Lockheed has assembled an unmatched portfolio of capabilities in aerospace, precision strike systems, electronics, satellite and other goodies. Its flagship F35 multirole fighter and deadly Javelin missile are used to making headlines nowadays, but the breadth of the group's offering is just mind-boggling.
After five decades of active consolidation, the U.S. defense industry has now become an oligopoly, with Lockheed leading far ahead of its four domestic peers—General Dynamics, Boeing, Raytheon and Northrop—in terms of revenue.
However, the regulator has signaled that consolidation had reached its final stage when it called off Lockheed's attempted takeover of Aerojet Rocketdyne last year.
There is limited overlap between the five groups' portfolios, which leads to each of them specializing in certain systems and ensures a healthy competitive landscape. In particular, Lockheed and Boeing have now built unassailable moats in aerospace.
Higher margins and share buybacks
Not all oligopolies or duopolies are created equal—they do not necessarily guarantee sure profits. Boeing's woes with its civil aviation business is a testament to that. Its arch rival Airbus has fared better but is still unable to generate actual free cash-flows.
Those aren't a concern for Lockheed, which generates cash earnings as tangible as the accounting profits it reports over a full cycle. Growth is slow—from $47bn to $67bn over the last decade, i.e a compound annual rate of 3.6%—but operating earnings have doubled and earnings per share tripled from $7.5 to $23.
These gains result from higher margins and massive share buybacks—a hallmark of Lockheed's shareholder-friendly capital allocation policies. Over the 2011-2021 cycle, the group generated $45bn in free cash-flow—an amount perfectly reconcilable with its accounting earnings—entirely returned to shareholders via equal amounts of buybacks and dividends.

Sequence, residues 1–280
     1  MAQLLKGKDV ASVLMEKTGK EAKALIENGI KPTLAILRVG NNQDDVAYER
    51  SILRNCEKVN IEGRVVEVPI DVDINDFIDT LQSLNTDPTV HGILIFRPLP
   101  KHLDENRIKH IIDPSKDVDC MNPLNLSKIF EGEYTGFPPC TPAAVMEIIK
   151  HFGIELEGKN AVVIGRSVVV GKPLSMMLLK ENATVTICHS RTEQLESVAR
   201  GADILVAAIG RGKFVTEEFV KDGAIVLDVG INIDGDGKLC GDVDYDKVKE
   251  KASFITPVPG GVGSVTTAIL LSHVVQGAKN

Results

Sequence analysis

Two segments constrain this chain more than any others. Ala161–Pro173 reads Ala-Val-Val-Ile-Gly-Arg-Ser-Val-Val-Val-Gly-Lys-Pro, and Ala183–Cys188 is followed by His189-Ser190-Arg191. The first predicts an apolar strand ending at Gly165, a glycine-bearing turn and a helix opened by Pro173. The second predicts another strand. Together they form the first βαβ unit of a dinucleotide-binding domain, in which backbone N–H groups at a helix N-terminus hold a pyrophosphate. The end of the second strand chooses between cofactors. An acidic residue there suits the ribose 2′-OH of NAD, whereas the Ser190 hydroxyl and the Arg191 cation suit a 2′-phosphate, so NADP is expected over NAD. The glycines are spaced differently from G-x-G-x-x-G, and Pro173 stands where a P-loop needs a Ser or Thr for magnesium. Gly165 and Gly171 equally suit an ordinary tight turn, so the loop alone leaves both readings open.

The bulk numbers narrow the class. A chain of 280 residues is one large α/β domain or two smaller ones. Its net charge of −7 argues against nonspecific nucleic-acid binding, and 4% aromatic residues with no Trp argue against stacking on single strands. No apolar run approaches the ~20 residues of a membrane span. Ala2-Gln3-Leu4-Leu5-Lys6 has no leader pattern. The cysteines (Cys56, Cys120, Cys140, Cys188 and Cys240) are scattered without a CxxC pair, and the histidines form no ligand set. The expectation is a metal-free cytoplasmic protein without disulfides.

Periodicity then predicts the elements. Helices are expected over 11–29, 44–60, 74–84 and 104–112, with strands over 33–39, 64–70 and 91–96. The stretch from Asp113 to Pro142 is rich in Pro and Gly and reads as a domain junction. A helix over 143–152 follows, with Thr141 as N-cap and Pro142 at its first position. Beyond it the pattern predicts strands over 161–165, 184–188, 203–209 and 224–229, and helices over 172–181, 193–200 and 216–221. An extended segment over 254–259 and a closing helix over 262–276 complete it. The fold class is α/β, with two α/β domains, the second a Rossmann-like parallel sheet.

The $11bn spent on external growth—$9bn of which devoted to the acquisition of helicopter manufacturer Sikorsky in 2015—have been funded by debt and small share issues earlier in the decade.
The balance sheet carries $20bn in net long-term financial obligations—debt, pension plan and other commitments—against only $10bn in equity. Here is where investors may express variant perceptions on the soundness of Lockheed's capital allocation policies.
Some, in tune with management, would argue that visibility on the backlog of orders means that the business can be run without any solid equity buffer. Others will draw parallels to the misdeeds of Boeing—who adhered to a similar blueprint of massive share buybacks—and the disaster that followed, and may hence feel less comfortable. Defense spending is cyclical after all, and the United States' federal budget not exactly in the comfort zone.
Said buybacks at Lockheed were completed at an average price-earnings ratio of x17, i.e the average multiple investors placed on the shares during the 2011-2021 period—the lowest was x10 earnings, and the highest x25.
Value investors who demand sizable margins of safety would likely pass on that one, waiting for shares to trade at the x10 earnings floor—as they did a decade ago when president Obama announced progressive withdrawals from the Middle East.
Momentum-driven investors, for their part, may find the current set-up of shares trading at x15 forward earnings coupled with rising geopolitical tensions totally irresistible. A troubled decade starts and it's unlikely that Uncle Sam intends to disarm—rather the opposite.
In addition, after much criticisms the F35 program is finally delivering on its promises with a record influx of orders and mega export contracts with the UK, Germany, Poland, the UAE, Australia and Norway. Beyond deliveries, this global procurement guarantees decades of business related to spare parts, upgrades, weapons systems and maintenance.